Uh Huh, Me.

Friday, March 11, 2005

75 Degrees and Sunny

I'm having such a wonderful, wonderful day.

The screening is today and it feels like graduation day, except that instead of having toiled over a thesis that will then result in a check next to your name and that no one will ever read, we've all toiled over something that we all then get to WATCH. I can't get over it: we get to show off the result of all our work and see everyone else's too!

Wowee Zowee.

Plus, I'm wearing my super-hot graduation day shoes, that makes it feel like graduation day too.

Thursday, March 10, 2005

Well I Wrote And Directed A Hit Play, So I'm Not Sweating It Either

The film, the film, it's done.

Sound editing: Meditative. At times, maddening (5 hours of synching 8 seconds of screen time).

Pro Tools: great, and specifically, runs circles around Avid.

Waiting Around for five and half hours to check sound file output when you've been getting very little sleep and skipping classes (sorry, Drew) to make the deadline: not so cool.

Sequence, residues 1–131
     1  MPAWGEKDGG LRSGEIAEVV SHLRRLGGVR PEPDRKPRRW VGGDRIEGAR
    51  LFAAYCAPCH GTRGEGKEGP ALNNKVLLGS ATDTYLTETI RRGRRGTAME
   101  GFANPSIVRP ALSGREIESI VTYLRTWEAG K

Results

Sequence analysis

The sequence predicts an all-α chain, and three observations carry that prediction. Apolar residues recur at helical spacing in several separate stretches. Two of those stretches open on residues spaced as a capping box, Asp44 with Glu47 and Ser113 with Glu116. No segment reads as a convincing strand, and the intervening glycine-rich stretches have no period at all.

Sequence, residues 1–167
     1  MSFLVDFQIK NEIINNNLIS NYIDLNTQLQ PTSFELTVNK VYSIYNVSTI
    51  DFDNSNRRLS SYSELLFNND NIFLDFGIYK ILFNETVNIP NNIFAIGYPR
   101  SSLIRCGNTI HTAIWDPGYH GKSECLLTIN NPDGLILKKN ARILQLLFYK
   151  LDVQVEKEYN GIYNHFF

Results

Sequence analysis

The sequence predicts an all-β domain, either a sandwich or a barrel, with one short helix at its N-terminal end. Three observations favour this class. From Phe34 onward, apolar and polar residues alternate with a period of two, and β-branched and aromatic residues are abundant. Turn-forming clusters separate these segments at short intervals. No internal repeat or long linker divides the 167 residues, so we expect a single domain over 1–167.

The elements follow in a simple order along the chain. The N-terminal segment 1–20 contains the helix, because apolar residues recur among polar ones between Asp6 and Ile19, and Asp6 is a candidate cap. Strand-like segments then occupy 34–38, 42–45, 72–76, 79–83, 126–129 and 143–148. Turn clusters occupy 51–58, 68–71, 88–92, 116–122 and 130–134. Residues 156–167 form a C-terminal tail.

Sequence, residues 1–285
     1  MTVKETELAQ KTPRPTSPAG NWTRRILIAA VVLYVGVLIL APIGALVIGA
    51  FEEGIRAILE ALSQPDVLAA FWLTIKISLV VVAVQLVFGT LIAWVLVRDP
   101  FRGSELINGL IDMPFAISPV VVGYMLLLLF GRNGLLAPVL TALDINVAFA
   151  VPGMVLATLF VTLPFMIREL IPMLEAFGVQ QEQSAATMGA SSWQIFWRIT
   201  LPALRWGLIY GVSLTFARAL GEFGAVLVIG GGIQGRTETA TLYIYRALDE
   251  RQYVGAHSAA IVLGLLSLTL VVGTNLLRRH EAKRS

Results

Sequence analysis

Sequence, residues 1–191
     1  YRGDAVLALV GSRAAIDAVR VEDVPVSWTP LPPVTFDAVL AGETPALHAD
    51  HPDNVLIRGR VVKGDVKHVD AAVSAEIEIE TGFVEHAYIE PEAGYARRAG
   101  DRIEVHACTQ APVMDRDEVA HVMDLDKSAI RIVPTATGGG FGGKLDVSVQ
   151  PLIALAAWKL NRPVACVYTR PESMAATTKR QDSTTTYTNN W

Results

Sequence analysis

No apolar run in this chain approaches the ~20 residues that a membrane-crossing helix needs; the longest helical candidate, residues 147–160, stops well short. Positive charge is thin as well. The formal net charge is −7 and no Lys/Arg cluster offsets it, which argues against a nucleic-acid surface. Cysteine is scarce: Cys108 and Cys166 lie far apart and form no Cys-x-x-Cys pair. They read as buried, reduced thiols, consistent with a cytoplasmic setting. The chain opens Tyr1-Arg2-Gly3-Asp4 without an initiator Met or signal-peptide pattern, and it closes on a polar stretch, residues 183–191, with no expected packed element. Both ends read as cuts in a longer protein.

The Mix this afternoon: euphoric, as all the hard work laid down gets finessed and finessed and finessed until your movie becomes what you always knew it could be.

Future plans include: wash hair, do laundry, go grocery shopping, go to screening, feel like a superstar, partypartyparty, sleep.

Magnetic Fields 69 Love Songs Obsession: still going strong. Caught myself singing 'The Luckiest Guy on the Lower East Side' to myself in the sound lab. Currently trying to link up all past relationships with a song. What song do I love the most? Don't make me choose; I want to marry them all.

This post is dedicated to shouting "Don't fuck with my play!", getting punched in the face and then walking onstage in slow motion with a piece of tissue up one's bloody nose.